- Cost to list the red hat: -$(0.20)USD (based on this example, we are assuming the listing shows 10 units available)
- Revenue from hat sale: $16USD ($10 price + $1 tax + $5 shipping)
- Cost of transaction fees: -$(0.35)USD
- Cost of Etsy Payments fees: -$(0.73)USD
- Cost of auto-renew sold fee: -$(0.20)USD (based on this example, the listing would now show 9 units available)
- Cost to ship item: -$(5.00)USD (assuming it costs you the exact amount you charge the customer)
- Net: $9.52
Note that this net amount does not take into account the cost of materials or your time.
There are some other fees involved in selling on Etsy but they don’t all apply to all sellers:
Deposit Currency Conversion fees:
If you list items in a currency other than your bank account’s currency, Etsy has to convert your funds to your bank’s currency on your behalf. They apply a 2.5% conversion fee to the current market rate.
For example, my shop is priced in USD and while I do have a USD bank account, my bank is in Canada and is considered to have a bank account currency of CAD. Therefore, Etsy charges 2.5% in conversion fees when they deposit funds into my bank account.
While I could avoid this fee by charging in CAD, most of my customers are American. And to avoid fluctuations in pricing for them, I charge in USD. It has been worth the extra fees for the increase in sales I experienced once I switched to listing my products in USD.
Promoted Listings fees:
If you choose to promote your listings through Etsy, you will be charged for any promotions that you run. This is an advertising feature they offer and it is completely optional. I’ve had some success with Promoted Listings myself, but it hasn’t been consistent so I don’t often run these promotions.
If you choose to run your shipping through Etsy, Etsy will charge you for the cost of them. I purchase stamps from Canada Post and don’t use Etsy for any of my shipping needs, but if you ship larger/heavier items, you may find that Etsy is cheaper and therefore use their shipping labels service.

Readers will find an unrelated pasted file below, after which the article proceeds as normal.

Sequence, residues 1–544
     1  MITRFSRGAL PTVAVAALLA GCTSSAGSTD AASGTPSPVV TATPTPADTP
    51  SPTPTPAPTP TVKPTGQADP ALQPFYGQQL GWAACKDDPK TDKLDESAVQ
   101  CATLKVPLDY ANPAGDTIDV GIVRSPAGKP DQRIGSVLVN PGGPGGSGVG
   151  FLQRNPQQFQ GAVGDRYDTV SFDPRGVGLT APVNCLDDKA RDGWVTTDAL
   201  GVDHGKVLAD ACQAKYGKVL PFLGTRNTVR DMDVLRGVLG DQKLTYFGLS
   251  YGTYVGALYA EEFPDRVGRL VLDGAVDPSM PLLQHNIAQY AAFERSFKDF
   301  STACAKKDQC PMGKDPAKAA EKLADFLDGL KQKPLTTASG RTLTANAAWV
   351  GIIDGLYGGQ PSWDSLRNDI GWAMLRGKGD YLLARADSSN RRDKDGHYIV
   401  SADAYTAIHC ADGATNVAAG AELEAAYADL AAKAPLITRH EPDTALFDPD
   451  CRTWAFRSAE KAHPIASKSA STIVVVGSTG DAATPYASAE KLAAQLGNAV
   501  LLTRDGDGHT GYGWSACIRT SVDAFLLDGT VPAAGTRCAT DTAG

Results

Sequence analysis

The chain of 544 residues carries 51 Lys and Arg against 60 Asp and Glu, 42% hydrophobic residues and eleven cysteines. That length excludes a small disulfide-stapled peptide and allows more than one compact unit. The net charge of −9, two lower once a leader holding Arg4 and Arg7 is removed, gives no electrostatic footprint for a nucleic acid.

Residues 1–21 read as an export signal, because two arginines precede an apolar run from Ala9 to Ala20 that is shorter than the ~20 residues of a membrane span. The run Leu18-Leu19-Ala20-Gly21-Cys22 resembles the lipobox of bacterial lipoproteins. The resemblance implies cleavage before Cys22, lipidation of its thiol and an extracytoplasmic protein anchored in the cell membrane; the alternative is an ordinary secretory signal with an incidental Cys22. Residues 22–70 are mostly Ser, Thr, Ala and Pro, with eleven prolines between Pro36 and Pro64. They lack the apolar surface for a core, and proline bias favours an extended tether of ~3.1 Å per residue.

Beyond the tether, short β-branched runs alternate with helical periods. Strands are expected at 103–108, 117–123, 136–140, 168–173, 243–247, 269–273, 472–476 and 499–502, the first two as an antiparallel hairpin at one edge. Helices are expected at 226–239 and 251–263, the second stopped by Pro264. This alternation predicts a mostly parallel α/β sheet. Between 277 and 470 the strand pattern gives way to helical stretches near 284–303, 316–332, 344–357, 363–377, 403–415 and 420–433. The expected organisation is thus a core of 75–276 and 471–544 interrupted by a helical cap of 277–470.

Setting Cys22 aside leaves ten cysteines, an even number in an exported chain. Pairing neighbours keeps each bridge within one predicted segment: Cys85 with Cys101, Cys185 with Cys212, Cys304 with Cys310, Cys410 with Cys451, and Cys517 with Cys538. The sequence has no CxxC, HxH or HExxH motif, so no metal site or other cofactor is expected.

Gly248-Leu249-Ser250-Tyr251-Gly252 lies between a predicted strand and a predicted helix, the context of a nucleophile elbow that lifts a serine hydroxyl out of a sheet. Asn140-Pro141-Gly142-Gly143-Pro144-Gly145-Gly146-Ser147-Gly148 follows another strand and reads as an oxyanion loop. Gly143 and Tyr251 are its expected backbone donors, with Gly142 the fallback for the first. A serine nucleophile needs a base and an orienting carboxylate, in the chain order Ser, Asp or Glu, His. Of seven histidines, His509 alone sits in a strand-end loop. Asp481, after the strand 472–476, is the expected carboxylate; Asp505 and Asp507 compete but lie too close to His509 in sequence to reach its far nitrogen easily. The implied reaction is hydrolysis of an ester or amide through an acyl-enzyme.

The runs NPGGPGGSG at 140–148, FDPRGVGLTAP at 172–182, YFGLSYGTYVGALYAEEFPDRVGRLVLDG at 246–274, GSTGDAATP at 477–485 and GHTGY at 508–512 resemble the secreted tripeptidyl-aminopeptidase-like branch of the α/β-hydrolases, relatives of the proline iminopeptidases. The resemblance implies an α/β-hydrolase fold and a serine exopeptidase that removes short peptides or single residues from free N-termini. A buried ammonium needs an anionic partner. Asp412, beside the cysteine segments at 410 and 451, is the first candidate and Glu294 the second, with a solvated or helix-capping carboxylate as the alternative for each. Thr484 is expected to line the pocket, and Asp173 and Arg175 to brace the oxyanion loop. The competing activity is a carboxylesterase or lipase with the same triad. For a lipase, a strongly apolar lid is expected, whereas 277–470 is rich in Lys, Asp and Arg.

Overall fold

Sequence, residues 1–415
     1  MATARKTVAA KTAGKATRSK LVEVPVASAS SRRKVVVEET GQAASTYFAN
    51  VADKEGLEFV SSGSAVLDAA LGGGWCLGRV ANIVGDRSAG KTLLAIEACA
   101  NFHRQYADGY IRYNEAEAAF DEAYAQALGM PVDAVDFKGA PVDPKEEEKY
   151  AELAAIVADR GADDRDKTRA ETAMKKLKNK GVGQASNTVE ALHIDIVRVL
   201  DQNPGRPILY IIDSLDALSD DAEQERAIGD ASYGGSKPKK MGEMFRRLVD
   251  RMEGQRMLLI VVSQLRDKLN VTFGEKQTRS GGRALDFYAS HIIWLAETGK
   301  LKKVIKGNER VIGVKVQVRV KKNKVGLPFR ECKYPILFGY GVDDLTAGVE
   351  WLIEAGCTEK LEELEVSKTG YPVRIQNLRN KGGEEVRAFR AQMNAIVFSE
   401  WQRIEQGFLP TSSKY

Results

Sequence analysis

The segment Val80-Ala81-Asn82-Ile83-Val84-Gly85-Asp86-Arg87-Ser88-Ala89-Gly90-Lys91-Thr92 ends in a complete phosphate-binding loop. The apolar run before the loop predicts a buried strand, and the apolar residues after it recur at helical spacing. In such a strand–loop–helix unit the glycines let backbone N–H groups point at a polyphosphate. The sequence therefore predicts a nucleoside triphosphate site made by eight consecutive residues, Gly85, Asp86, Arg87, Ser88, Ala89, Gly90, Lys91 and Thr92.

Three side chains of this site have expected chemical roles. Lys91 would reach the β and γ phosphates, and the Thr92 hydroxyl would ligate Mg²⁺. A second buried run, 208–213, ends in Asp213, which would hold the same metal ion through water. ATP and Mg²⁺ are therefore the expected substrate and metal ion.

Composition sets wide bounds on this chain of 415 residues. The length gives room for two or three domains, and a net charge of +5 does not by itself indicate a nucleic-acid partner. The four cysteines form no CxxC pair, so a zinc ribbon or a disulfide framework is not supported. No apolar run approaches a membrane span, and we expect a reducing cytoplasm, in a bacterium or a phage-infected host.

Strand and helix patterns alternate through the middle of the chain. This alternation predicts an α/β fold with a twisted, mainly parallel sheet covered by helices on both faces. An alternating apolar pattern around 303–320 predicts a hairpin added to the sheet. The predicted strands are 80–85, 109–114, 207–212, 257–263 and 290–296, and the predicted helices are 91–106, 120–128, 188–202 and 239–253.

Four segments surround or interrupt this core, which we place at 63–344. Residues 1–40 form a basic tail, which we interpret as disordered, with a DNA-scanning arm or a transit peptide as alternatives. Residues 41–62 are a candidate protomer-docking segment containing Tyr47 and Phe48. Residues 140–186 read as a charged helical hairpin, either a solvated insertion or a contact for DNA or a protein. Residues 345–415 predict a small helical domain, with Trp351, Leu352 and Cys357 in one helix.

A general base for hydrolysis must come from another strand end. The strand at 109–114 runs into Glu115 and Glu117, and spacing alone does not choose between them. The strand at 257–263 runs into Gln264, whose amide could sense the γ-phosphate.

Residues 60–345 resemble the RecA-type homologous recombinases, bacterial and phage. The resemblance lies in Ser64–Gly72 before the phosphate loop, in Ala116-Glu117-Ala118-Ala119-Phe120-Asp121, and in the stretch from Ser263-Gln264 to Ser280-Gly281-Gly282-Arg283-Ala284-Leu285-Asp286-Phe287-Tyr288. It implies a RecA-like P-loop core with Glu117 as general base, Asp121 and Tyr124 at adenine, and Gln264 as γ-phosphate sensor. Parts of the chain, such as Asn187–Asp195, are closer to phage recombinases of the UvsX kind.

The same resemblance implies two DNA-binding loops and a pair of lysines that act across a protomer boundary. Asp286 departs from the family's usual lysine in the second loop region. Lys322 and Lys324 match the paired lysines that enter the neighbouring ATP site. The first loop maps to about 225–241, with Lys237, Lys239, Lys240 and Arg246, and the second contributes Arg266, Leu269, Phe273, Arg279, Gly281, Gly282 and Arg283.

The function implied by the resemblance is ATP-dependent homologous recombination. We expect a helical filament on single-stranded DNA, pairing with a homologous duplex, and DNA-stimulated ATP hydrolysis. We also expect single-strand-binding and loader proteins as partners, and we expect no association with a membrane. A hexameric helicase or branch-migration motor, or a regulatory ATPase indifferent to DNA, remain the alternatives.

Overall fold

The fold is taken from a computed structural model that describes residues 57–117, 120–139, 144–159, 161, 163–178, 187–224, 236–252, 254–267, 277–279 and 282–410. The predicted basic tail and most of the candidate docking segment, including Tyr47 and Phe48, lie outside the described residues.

If you’re looking for more information on fees associated with selling things on Etsy, check out their Fees for Selling on Etsy and Pattern article.
Etsy is a fantastic way to earn an income through flexing your creative muscle and using some business skills. When I first opened my shop in September 2015, I had no idea that it would enable me to quit my corporate job just over a year later (you can read the full story here!).
I now have the flexibility to work from home and focus on other projects (like this blog!) that I had previously put on the back burner. It’s also allowed me to put my business skills into action, empowering me as an entrepreneur.
Be sure to check out my follow up post, How to Start Selling on Etsy Successfully which gets more into the details of running a shop. I also posted Making Money on Etsy which outlines the 10 steps I took to double my Etsy sales with limited spend.
Read to get started? Open your Etsy shop by signing up through this link, and you’ll get your first 40 listings free! Plus, this blog post walks you through the step by step process of opening a shop on Etsy.
If you have any questions about selling on Etsy, please let me know in a comment below. I’ll be sharing more Etsy-related advice in the future, but if you have specific areas you’d like me to cover, I’ll definitely take that into account too!
And be sure to check out my post The Best Investments I’ve Made In My Etsy Business for more advice.
Terry Fishman says
Thanks Kate! Really helpful, am considering starting a shop in the next little while. Meanwhile am working on webpage. Lots of fun, lots to do. Look forward to your next blog. Good luck,
Hi Terry! Great to hear from you, as always. Your art is beautiful and I can’t wait to see what you come up with! Best of luck and let me know if you have any questions at all if you end up selling on Etsy.